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WSU researchers explore link between ingesting marijuana and breast milk

Courtesy U.S. Department of Agriculture

Washington State University researchers have found mothers who smoke marijuana pass along some of its psychotropic compounds through their breast milk.

Courtney Meehan studies human milk. She’s the associate dean for research and graduate studies for WSU’s College of Arts and Sciences and a professor of anthropology. She and her research team collected samples from 20 mothers in Washington and Oregon who reported smoking marijuana at least once a week.

“We asked them to abstain from cannabis use for 12 hours and then, following that, on their own time and following an initial use of cannabis, they collected an additional five milk samples for us,” she said.

Meehan says the team analyzed the samples and found little consistency from mother to mother.

“For participants in our study who used cannabis only one time during the study, THC peaked approximately 30 minutes to 2 1/2 hours after use and then it started to decline,” she said.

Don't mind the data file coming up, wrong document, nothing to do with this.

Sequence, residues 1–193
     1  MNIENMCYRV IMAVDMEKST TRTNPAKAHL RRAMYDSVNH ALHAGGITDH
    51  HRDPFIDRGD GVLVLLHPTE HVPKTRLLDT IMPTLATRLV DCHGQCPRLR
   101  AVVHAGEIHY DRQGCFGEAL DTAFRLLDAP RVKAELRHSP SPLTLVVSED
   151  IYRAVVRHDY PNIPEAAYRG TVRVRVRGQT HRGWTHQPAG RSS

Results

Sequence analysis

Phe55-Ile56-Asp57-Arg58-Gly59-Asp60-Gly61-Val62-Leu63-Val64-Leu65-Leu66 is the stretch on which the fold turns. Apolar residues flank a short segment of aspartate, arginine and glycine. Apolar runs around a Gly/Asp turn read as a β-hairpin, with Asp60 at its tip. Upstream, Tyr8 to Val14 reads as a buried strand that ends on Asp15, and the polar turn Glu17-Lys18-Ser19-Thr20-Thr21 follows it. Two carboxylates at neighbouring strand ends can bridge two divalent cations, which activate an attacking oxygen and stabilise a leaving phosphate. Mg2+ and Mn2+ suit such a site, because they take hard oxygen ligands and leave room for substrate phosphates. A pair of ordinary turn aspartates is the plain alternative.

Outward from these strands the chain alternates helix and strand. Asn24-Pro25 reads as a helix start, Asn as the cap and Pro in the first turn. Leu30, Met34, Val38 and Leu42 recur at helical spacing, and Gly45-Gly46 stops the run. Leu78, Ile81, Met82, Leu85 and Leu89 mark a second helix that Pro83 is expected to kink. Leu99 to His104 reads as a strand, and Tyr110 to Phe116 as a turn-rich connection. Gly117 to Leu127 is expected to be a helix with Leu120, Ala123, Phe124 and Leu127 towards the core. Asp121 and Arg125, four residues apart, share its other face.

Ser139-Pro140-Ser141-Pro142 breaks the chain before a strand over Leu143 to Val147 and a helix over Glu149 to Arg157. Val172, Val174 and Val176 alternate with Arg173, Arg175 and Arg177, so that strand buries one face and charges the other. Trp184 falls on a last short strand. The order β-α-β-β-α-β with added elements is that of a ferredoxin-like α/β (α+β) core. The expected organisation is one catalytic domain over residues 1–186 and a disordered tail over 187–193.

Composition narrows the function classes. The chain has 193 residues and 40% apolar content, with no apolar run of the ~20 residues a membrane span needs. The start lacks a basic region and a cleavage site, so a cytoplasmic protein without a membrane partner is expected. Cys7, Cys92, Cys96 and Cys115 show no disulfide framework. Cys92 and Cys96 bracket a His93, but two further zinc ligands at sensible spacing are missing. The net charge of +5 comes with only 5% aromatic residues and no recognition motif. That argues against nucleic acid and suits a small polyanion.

For the women who use more often, Meehan says the compounds often stay in the mothers’ bodies for longer.

How the exposure to THC affects the child isn’t yet clear. Meehan says little research has been done in this field, in part because she says women have often not been included in medical clinical trials. There have also been restrictions related to doing work on people ingesting an illegal substance. But now that recreational marijuana is legal in Washington, she believes scientists will do more scholarship in this area.

Meehan was also part of a second study that explored why mothers who breastfeed are using cannabis.

“We found that they are using for a variety of therapeutic purposes, to relieve anxiety, to assist with other mental health issues or chronic pain. They report choosing cannabis over using other medications because they felt that it was safer,” she said.

Their study reports 80% of the participants “reported very few or no concerns about using cannabis while breastfeeding, although participants who used cannabis for medical purposes had significantly more concerns.” They also reported receiving little or no advice on cannabis use from their health care providers.

Meehan says she and her team expect to continue their research in this area.

One of the Northwest's most seasoned reporters is returning to his SPR roots. Doug Nadvornick will be heard frequently on KPBX and KSFC reporting on local news.